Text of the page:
Deregulate private schools

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Deregulate private schools


Hong Sa-geon
The author is the chairman of the board of directors of Hanvit School Foundation (Daejeon Hanvit High School) and an advisor to Reset Korea, a JoongAng Ilbo, campaign.

As founder and operator of a private school, I feel extremely frustrated to see our society’s cold views toward private schools and our schools’ tough financial situations. Because private schools are a pillar of education for the next century, I understand society’s demand for strong responsibilities. However, without proper efforts to understand the structural limits of the law and the essence of private schools, many base their perceptions on a few negative cases and criticize the entire system. This is throwing cold water on efforts to educate and contribute to national advancement.

Since the late 19th century, our private schools have been the driving force behind national advancement through educational developments. During the enlightenment period, they were the hub of introducing Western civilization. During the Japanese colonial period, they maintained the national spirit and played a key role in fostering an anti-Japan independence movement. Following liberation, those with strong beliefs in education contributed their private wealth to establish schools, as the government was unable to pay for the expanding education demands with the state budget. As the country grew stronger, public schools increased. Nevertheless, 19.8 percent of middle schools, 40.1 percent of high schools and 81.7 percent of universities still remain private schools.

Private schools, established to realize their own mottos, flexibly responded to changed educational environments and the need to cultivate creative education for students — a big difference from public schools. In most countries, recognizing the private school system means accepting the freedom of running them. The right to select teachers and students, as well as create and manage an educational curriculum, will allow freedom in running a private school. Through this freedom, private schools can realize their foundation mottos and fulfill people’s rights to educational diversity.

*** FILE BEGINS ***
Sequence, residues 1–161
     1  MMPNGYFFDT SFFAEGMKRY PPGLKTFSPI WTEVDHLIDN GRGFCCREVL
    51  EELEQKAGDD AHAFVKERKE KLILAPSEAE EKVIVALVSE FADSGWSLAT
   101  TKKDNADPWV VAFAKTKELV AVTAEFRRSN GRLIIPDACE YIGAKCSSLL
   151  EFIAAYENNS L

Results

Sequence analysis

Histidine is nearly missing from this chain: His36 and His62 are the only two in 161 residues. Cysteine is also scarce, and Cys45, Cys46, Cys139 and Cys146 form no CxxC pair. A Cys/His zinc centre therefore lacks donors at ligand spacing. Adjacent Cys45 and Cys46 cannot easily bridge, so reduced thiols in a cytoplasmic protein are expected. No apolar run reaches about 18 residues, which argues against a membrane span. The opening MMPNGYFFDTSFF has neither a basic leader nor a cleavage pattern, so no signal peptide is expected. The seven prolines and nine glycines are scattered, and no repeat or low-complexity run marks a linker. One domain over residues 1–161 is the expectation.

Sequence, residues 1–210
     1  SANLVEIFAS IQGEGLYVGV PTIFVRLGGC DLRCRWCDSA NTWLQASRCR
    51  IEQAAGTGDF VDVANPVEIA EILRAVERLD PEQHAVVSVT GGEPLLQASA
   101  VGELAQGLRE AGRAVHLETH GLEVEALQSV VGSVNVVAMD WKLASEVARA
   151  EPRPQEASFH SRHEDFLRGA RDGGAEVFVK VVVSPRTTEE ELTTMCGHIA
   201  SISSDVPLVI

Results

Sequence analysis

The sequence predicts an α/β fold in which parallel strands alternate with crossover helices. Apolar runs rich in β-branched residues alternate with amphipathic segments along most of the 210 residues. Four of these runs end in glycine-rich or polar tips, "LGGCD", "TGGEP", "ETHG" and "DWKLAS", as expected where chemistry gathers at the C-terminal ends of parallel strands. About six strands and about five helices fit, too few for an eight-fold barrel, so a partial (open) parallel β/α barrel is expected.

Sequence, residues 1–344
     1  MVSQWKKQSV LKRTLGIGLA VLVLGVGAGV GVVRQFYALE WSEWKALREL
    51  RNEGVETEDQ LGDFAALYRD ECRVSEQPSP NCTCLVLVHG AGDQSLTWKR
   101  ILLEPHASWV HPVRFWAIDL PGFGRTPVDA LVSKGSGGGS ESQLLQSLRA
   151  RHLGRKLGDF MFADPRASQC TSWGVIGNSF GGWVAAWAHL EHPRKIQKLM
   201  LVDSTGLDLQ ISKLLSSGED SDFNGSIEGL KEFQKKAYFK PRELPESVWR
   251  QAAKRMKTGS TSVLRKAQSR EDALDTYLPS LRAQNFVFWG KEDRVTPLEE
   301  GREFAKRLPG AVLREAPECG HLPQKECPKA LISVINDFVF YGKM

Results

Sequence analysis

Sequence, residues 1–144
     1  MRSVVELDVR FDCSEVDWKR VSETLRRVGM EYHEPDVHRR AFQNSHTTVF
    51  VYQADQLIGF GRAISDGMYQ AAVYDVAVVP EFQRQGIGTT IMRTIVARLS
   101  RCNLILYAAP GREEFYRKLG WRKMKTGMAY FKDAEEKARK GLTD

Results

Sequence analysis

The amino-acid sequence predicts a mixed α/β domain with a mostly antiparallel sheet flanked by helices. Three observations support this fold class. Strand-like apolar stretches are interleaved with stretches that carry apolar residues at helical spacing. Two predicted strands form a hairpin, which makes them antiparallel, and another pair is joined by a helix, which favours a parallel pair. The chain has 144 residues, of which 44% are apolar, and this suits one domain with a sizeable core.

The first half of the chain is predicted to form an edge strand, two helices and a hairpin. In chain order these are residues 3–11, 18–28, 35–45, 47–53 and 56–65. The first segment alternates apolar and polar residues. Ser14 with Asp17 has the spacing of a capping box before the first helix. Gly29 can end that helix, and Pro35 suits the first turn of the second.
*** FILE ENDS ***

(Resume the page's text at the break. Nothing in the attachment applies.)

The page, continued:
Yet private schools have lost their autonomy and specialty under the regulation and control of the government. They are following in the footsteps of public schools. Without coordination and consultation with private schools, the government pushed for mandatory middle school education and standardization of high schools. That was the turning point of losing the true character of private schools. Since then, the government deprived private schools’ right to decide their tuition and began offering subsidies to argue for the public nature of the school system. Now, it is pushing for more regulation.

Regulations should be limited to the minimum to secure the publicness of education in private schools. The government forced private schools to hand over their rights to recruit teachers to the regional education offices, citing employment corruption.

Statutory allocation of funds, in particular, is a factor that helps spread negative perceptions toward private schools. The government introduced the term — statutory allocation — to force school foundations to pay for pensions and insurance policies for teachers at private schools. As most of the programs did not exist when private schools were first established, they became additional burdens. The government resorted to the statutory allocation system to regulate private schools.

Public schools pay the statutory allocation funds from their operational expenses. The government must allow private schools to use their operational expenses instead of forcing their foundations to solely pay for it: that is reasonable.

I am not denying the public function of private schools in national education or the government’s supervision of their management. Schools that committed corruption must be sternly punished.

But the autonomy of private schools must not be deprived under the justification of publicness. Amplifying a few cases to generalize that all private schools are corrupt should be stopped. Unavoidable problems prompted by legal and systemic flaws must not be treated as corruption.

Many believe the heads of private school boards are extremely powerful and rich. But many don’t even receive salaries, expenses or health insurance benefits. They are performing the jobs only based on a sense of responsibility. Now is the time to accurately grasp the reality of private schools and seriously think about the proper treatment of their founders and board chairmen.

In countries leading the fourth industrial revolution, public schools are increasingly being transformed into private schools. The autonomy of public schools is also expanding. Therefore, we need a fundamental change of our thinking toward the current system that private schools are regulated under the jurisdiction of education offices. Private schools must restore their true autonomy to lead public education.

Translation by the Korea JoongAng Daily staff.

JoongAng Ilbo, Feb. 18, Page 27
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